I have used both the DSCP values and PHB values in my configurations. I mainly work with 6500 CMM and 3700/3800 series routers. The raw command reference shows it with the numerical DSCP value but again I have used both. Most platforms should allow both but always double check it in the command reference for the IOS/Platform.

Thanks

Fred

New Member

Re: QoS newbie questions

You won't have any trouble. There are 3 keywords you can use with classifying: BE, AF and EF. BE=best effort, AF=assured forwarding, EF=Expedited forwarding.

BE=DSCP 0

EF=DSCP 46

AF has more values and is based on classes. But, ultimately, everything gets converted to the binary equivalent.

Good luck.

New Member

Re: QoS newbie questions

Thanks! I think I need a little more help on the interfaces. I do not quite understand where you put the service policies. how do you know which interfaces and which way (out or in)?

New Member

Re: QoS newbie questions

keeping with the example

class-map match-any CONTROL

match ip dscp cs3

match ip dscp af26

match ip dscp af31

class-map match-all VOICE

match ip dscp ef

policy-map V3PN

class VOICE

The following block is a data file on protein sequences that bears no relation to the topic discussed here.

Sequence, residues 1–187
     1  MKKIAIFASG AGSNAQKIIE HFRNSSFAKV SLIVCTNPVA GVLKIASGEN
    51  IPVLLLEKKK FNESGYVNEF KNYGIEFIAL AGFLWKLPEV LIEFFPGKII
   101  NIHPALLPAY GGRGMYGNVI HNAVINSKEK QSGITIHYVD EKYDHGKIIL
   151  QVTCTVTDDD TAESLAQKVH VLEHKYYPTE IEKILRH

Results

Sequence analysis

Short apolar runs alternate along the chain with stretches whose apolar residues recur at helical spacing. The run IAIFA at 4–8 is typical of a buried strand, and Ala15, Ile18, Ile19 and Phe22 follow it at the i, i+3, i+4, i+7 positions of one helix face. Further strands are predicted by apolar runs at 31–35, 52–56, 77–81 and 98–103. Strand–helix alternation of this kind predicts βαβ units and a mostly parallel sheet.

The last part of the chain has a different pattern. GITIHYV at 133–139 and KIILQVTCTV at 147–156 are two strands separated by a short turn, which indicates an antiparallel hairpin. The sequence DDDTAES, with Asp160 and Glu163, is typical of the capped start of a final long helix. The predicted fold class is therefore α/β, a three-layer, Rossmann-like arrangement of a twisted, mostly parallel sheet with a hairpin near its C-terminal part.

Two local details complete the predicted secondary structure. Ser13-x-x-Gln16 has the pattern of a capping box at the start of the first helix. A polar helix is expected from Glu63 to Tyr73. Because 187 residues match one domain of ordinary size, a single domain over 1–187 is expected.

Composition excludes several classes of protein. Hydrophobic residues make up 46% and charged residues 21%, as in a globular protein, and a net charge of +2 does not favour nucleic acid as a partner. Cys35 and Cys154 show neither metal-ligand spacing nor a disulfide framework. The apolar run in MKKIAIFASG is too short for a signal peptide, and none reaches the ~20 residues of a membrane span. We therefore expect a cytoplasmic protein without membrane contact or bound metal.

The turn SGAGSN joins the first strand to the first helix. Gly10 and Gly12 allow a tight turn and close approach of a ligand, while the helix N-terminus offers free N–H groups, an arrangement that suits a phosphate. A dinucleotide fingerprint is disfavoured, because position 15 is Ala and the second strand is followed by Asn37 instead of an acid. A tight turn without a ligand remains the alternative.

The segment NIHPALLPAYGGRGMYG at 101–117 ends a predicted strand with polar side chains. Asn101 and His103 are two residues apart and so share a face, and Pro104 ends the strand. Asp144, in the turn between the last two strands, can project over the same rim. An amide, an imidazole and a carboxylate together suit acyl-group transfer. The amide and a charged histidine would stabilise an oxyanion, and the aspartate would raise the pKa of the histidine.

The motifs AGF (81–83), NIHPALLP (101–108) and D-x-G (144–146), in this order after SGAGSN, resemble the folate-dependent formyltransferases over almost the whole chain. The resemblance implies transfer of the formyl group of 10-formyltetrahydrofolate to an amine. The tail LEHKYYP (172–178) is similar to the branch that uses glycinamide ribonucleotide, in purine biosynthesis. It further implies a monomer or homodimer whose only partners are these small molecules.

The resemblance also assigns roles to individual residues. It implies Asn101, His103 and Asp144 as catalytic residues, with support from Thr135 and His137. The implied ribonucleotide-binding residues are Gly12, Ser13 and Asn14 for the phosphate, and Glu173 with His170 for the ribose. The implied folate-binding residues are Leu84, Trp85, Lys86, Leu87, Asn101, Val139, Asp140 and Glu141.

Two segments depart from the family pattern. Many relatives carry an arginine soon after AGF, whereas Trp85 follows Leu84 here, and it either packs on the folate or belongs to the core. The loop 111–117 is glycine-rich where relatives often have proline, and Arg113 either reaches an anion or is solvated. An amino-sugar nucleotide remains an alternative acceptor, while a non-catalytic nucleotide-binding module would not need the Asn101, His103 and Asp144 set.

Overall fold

priority percent 33

class CONTROL

bandwidth percent 10

class class-default

fair-queue

over a wan

int s0/0/0

service-policy output V3PN

New Member

Re: QoS newbie questions

control traffic will not be 10% - it will include RTCP and whatever signalling protocol your phones use (SIP,etc). 5% is the standard, but that is a little high as well.

The 33% for the priority queue is a conservative number that is used to ensure that if you do not optimize your config it will still work. You do not want to dedicate so much to the priority queue that it becomes FIFO, but you can identify the one-way delay between devices and working within the jitter buffer size increase the percentage to a point that does not make the queue FIFO, and it will increase your concurrent call capacity.

RTP packet size with headers/port speed = serialization delay

check the tx-queue size, if it is set to 2 set it to 1, this will reduce the inter-packet delay for RTP packets and reduce your one-way delay = more bandwidth for priority queue.

224
Views
8
Helpful
9
Replies